Astronaut study gives voice to people with disabilities
31 March 2017
When his father was diagnosed with a debilitating disease four years ago, it sparked Ivo Vieira into developing a novel means of communication for people coping with extreme limitations, building on technology originally explored to help ESA astronauts in space.
Amyotrophic lateral sclerosis – ALS – and other forms of motor neurone disease gradually rob sufferers of their muscular function, including the ability to communicate verbally. However, eye movement presents an opportunity because it usually remains unimpaired.
“We had been working on augmented reality for astronauts since 2005, so when my father was diagnosed I had the idea of exploiting it to improve his life with a new mobile communication system,” said Ivo Vieira, CEO of LusoSpace.
EyeSpeak glasses detect the movement of the eyes across a virtual keyboard displayed on the inside of its lenses. Words and phrases spelled out by the wearer are translated by the built-in software and spoken by speakers in one arm.
The glasses can also let the user navigate the Internet, watch videos and access emails privately, as only the user sees what is being projected inside the lens. However, as the digital information is overlaid on the lens, users can still see what is going on around them.
(Video: Courtesy of LusoVu)
“This is the first such device that is standalone and can be used in any location and physical position, regardless of the orientation of the wearer’s head,” noted Teresa Nicolau, EyeSpeak specialist.
Visualisation tools for astronauts
EyeSpeak is a direct spin-off from the work LusoSpace did for an ESA study on visualisation tools for astronauts.
“At that time astronauts had only relatively rudimentary systems available during spacewalks, with a written checklist on their arm and voice communications with ground controllers,” explained ESA’s João Pereira do Carmo.
“We wanted to explore the many technologies becoming available that could be used to give them real-time, important information directly in their field of view.”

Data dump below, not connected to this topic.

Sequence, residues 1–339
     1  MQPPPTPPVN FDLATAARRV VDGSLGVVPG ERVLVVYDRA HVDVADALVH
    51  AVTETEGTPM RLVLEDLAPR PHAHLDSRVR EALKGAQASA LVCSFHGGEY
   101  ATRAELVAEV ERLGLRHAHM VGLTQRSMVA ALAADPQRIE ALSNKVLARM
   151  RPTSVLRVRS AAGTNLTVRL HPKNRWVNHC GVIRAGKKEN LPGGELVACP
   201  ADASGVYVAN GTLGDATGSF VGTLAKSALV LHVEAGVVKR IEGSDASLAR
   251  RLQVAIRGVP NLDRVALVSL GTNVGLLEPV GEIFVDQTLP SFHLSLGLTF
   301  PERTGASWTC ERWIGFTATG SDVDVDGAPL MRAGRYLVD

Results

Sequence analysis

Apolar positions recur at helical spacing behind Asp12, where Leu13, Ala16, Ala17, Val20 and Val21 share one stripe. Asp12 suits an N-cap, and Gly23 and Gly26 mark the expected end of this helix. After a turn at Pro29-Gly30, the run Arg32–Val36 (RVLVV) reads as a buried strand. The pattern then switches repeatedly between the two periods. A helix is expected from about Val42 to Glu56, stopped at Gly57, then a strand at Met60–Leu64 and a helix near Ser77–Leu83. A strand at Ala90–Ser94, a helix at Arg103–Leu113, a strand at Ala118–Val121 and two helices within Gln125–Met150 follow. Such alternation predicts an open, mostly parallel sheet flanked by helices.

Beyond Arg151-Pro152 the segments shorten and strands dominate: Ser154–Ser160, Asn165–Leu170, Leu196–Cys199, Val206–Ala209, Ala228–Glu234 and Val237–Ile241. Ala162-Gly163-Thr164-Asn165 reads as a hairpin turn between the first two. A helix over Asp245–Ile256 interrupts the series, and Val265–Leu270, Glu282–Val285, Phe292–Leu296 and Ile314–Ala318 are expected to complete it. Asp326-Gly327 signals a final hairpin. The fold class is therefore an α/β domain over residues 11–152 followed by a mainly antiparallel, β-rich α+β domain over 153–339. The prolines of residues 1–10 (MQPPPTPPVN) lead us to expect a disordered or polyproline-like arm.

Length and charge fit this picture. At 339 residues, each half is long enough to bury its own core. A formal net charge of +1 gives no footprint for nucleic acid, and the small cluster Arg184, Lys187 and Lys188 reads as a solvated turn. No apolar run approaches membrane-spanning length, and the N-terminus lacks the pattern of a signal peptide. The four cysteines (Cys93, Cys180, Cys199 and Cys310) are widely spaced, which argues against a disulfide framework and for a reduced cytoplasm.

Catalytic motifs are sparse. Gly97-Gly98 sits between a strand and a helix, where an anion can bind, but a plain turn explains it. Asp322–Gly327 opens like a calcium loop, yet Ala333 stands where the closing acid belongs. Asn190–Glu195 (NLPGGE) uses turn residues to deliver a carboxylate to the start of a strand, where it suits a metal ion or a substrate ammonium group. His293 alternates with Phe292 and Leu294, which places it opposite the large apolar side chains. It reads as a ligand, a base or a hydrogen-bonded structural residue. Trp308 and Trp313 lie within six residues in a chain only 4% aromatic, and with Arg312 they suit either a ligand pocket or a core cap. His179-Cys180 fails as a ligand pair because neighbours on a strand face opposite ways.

Help to people with extreme mobility and communication limitations
Initial technology developments were followed by a Kickstarter campaign in 2014, which resulted in 45 EyeSpeak prototype units in 2015. The current EyeSpeak 1, which went on sale in March 2016, is based on a pair of Epson BT-200 AR glasses with an add-on unit of a microphone, speakers and a tiny camera controlled by a microprocessor unit. It comes either with a standard synthesised voice or the owner’s voice based on previously made recordings.
“Everything about developing EyeSpeak was a challenge,” reported Teresa. “A key thing was ensuring that the initial set-up was not lost, so it was specially designed to stay fixed on the user’s head, allowing them to use it independently straight away once someone has put it on for them and turned it on.
“It was also important that it could be used in any lighting conditions, including outside and near windows, so we have optional filter lenses that can be added, as well as a corrective lens holder.”
It typically takes two weeks to learn the system when practising for an hour a day. One user said it offers ’empowerment and joy’. An ALS advocate noted that it ’gives people back their independence and their human right to communicate freely’.
On potential upgrades, Nicolau adds, “We could develop it to allow users to control their wheelchair and other things in their environment, such as air conditioning or their televisions.”
“We have been working with LusoSpace and LusoVu through the National Technology Transfer Initiative in Portugal to explore the downstream markets for visualisation display system technologies, like head-mounted displays,” explained Carlos Cerqueira, innovation director at Portuguese broker IPN, part of ESA's technology transfer programme network, helping companies to spin off space technology.
“The potential for this technology is huge. One idea is for logistics warehouses, where head-mounted displays would substantially improve workers’ productivity in the picking process.
“But EyeSpeak, with the impact it has on human lives, is probably the most important of them all.”
Augmented reality is not yet used by astronauts, but the study of it directly inspired the development of EyeSpeak.
“Everything LusoVu is doing started from that original ESA project,” emphasises LusoVu’s Rui Semide.
“Our applications are very different, but it all started with that early ESA study on information visualisation tools for astronauts, which made us aware of the potential of this technology.”